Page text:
Beyond the canvas – continued exploration in site management interfaces

Last month I shared some concepts where “global” site elements could be managed in a dedicated area of the UI. In this post I’m expanding and refining those ideas a bit in an effort to explore the broader viability.

If global entities like styles, templates, and navigation menus can be edited in the Site Editor, then it seems feasible that folks may want to manage other parts of their site there as well.

The Site Editor was designed mostly to handle presentational things like posts, styles, and templates, but non-visual entities like users or settings need further consideration. Along with general content management, these are the kinds of things that I concentrated on here.

During these explorations two key UX requirements emerged:

  1. When a management view corresponds with something that could be edited visually, a direct and intuitive pathway between editing and managing should exist
  2. Since the lines between managing and editing can sometimes blur in the site editing context, a distinct visual language should help users orient themselves in the experience.

As is often the case with these things, pictures speak louder than words, so here’s a quick demonstration of how I envisaged a user zooming out of the editing experience to find access to management areas:

The (W) button in the Editor acts as a pathway to the relevant management view. The dark colorisation of the button creates a visual hint towards the nature of the destination and helps to conceptually separate management and editing. Clicking the preview window takes you back into the Editor.

This pattern and design language satisfy the two points outlined above.

Is it a template? Is it a category? No, it… doesn’t matter

As yet we’ve not come up with any elegant pathways to edit entities where content and template overlap.

For example the “Posts page” in WordPress is presented (somewhat misleadingly) as a “page” in the backend, but always redirects to a specific template (not the page template, notably) when viewed on the frontend.

Similarly things like post categories have a content element – you can add a custom description – but right now you can only edit the archive template agnostically. It should be possible for folks to edit and create templates for specific categories without having to understand the technical cruft going on beneath the surface.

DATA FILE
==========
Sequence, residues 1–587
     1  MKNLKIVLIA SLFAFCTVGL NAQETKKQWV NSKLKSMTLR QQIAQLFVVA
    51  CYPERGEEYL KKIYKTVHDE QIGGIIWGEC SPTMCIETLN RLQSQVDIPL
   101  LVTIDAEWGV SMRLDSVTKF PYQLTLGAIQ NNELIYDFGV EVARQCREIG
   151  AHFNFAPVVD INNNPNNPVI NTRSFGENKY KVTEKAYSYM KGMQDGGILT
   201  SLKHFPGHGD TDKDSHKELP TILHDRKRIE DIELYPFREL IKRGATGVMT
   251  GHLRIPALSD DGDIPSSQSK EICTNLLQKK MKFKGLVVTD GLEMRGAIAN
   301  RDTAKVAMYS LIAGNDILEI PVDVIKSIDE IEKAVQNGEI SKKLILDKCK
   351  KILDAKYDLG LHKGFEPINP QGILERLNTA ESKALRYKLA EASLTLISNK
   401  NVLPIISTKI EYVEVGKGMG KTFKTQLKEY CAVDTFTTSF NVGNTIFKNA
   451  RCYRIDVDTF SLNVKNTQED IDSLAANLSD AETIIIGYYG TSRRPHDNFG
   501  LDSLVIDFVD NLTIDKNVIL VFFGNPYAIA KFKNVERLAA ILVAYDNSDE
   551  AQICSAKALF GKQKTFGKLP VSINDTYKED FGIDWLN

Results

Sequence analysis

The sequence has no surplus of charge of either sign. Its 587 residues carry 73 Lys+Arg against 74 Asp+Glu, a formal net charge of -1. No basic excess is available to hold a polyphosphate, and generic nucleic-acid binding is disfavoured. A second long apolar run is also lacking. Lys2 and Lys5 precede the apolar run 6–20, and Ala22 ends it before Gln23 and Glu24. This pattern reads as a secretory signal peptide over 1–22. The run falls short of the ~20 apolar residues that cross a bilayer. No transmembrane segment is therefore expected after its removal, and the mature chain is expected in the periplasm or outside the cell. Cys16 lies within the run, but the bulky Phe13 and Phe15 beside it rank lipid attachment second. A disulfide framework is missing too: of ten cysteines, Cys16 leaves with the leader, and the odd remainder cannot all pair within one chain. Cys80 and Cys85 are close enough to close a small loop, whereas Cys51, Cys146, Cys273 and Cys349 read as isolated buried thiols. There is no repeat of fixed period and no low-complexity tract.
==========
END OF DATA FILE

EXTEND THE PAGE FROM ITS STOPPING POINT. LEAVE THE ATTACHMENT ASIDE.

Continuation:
We can use the pattern above to contextually surface previews (and therefore editing access) on the relevant screens. As an example, here’s how I might edit a post category:

From this management view it is possible to invoke an instance of the Editor where you can customise the relevant content and template simultaneously. In this environment you might also be able to create a new dedicated template for this particular category.

The Finder-inspired columnar navigation creates the hierarchy of the drilldown pattern we explored in the past, while still providing direct access to the top levels of navigation – something the original drilldown lacked. If this feels like too many columns, tabs could be used for filtering instead, and the primary navigation could collapse down to icons as you navigate deeper in to a section:

But this doesn’t scale down quite as well to mobile devices. At this point it’s worth repeating that these are all very rough concepts…

Still, they hold up quite well in other areas of site management, and feel aligned with the idea of WordPress being an operating system for the web.


Making quick edits to media meta is easy to imagine, and this pattern would translate well to other management areas. I can see a lot of value in being able to update things like publish dates, authors, titles, and so on, without launching the “full” editor.

This hybrid management / preview screen is extremely useful when working with particularly complex menus that include lots of nesting.

Such menus get very tricky to directly manipulate on the canvas, but you can always click the preview to zoom in and do so if desired.

Templates, Styles, and settings

The template management above view is simply a dark-styled interpretation of the one we’ve already implemented for 5.9. A toggle to view the templates in a mosaic configuration (using the preview component) would be a nice enhancement that continues to build on the zooming metaphor.

Likewise, Styles use the same panel that is shipping in 5.9. A mosaic of curated templates in the preview area could provide holistic feedback on style adjustments.

Visual settings like the site icon need to live in the Site editor. Options such as front page settings are also integral to the site editing experience. Folks shouldn’t have to go all the way back to wp-admin to do this. Once again the preview area adds value by clarifying the visual component of these options.

I’m not sure what the next step is here, but I’m hopeful to see some of these items worked on for 6.0. #36667 and #37001 seem like good candidates to explore further.

Is the writing is on the wall for the WordPress theme as we know it?

The essence of a WordPress theme is: layout (templates) + style = presentation.